By Cynthia L. Webb washingtonpost.com Staff Writer
Thursday, June 24, 2004; 9:38 AM
America Online has amply demonstrated its acumen in attacking spam, but the latest news on the junk e-mail front has left the company reeling.
Authorities yesterday arrested 24-year-old AOL software engineer Jason Smathers, who is accused of lifting 92 million AOL subscribers' e-mail addresses and selling them to 21-year-old Internet gambling entrepreneur Sean Dunaway for $100,000. Authorities allege Dunaway, who was also arrested, sold the addresses to spammers and used it to hawk gambling ads. Both men were charged with conspiracy and, if convicted, could spend up to five years in prison and be forced to pay a $250,000 fine. That punishment, however, might not even come close to making up for the potential damage to customer confidence in AOL's internal security.
The Los Angles Times reported that the "case underscores the difficulties that Internet service providers face as they fight to keep their networks free of spam. AOL, the country's biggest ISP, with more than 30 million customers, has sued dozens of spammers and blocked billions of their messages. But the actions of a single rogue employee may have delivered AOL's entire member list into the hands of online marketers. 'It's a black eye,' said Rob Sanderson, an analyst with American Technology Research."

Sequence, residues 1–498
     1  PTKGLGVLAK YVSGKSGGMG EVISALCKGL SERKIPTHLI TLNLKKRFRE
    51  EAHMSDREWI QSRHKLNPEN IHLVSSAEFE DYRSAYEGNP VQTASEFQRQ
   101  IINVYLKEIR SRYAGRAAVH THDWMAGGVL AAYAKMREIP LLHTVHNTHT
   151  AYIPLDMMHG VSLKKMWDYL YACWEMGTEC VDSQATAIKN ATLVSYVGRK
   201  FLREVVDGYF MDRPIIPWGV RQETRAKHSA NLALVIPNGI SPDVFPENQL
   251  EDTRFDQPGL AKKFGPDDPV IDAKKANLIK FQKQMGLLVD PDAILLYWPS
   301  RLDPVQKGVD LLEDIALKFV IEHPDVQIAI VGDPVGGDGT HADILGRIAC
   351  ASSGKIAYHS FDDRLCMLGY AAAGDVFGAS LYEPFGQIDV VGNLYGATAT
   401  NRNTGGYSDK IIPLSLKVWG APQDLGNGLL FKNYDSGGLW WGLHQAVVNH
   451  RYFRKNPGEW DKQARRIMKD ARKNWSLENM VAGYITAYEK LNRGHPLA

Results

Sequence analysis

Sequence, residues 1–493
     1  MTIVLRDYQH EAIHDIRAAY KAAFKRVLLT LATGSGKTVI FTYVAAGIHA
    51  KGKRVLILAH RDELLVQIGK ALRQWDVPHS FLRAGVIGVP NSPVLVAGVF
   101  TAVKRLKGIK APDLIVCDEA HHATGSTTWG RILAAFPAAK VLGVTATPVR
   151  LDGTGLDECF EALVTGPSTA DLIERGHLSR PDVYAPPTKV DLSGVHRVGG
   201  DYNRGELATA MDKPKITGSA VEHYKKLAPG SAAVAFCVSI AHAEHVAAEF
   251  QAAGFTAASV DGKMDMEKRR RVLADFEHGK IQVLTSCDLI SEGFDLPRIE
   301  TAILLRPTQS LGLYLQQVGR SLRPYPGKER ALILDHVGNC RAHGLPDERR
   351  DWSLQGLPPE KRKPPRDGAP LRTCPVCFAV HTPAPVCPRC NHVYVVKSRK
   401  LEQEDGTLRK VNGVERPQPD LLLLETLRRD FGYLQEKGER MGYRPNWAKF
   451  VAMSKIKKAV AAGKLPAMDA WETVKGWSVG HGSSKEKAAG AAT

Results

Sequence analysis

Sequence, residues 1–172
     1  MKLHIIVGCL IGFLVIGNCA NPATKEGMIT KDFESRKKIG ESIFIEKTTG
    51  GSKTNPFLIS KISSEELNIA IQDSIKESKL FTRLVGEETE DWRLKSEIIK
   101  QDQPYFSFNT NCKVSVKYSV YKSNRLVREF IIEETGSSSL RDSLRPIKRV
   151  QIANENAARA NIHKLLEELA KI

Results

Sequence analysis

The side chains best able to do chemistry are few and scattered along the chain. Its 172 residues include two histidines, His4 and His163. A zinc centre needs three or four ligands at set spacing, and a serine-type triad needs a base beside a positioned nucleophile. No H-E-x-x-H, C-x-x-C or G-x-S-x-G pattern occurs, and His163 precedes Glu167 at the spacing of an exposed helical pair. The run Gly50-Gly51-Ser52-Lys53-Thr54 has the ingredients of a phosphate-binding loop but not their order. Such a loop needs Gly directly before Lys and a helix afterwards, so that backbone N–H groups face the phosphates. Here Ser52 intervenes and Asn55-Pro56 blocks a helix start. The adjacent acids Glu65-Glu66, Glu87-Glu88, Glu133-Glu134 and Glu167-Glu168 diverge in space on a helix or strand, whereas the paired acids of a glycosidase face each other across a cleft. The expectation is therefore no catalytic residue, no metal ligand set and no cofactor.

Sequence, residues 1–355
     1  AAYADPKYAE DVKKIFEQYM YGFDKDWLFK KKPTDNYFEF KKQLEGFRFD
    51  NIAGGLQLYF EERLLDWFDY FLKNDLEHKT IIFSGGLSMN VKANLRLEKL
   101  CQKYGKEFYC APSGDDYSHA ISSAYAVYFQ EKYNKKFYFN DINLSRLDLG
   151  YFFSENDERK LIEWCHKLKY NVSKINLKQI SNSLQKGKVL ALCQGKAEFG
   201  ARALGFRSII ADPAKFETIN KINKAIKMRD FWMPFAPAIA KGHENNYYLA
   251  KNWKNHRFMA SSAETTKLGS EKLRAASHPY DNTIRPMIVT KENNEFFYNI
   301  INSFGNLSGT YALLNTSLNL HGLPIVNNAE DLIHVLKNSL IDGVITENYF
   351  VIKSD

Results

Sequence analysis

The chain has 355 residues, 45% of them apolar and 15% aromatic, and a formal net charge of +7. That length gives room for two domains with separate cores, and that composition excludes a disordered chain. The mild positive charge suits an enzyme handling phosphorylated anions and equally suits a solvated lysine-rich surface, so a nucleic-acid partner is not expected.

Los Angeles Times: Insider Arrested In Spam Scheme
"The theft, the first at AOL, is one of the largest of its kind. It underscores what spammers will do to reach consumers. They usually buy e-mail addresses from people who comb the Internet for them," USA Today reported. Independent tech researcher Michael Osterman told the paper that "If it can happen to AOL, it can happen to anyone."
USA Today: AOL Says Worker Sold Screen Names
The case is one of the first that relies on the six-month-old national anti-spam law, as The Wall Street Journal reported. "The CAN-SPAM act, which took effect Jan. 1, regulates commercial e-mail by requiring, for example, an existing business relationship between the sender and the recipient. The law requires that commercial e-mail contain a valid U.S. postal address as well as a way for recipients to refuse future mailings from the sender. The law also makes it harder for senders to disguise their identity. ... Smathers and Dunaway couldn't be reached to comment," the paper said. The Financial Times said the charges "highlight the dangers facing internet service providers from spammers who are willing to go to ever-greater lengths to ensure e-mails reach users' inboxes."
The Wall Street Journal: AOL Employee Faces Charges In Spam Probe (Subscription required)
Financial Times: AOL Man Charged With Spam Offences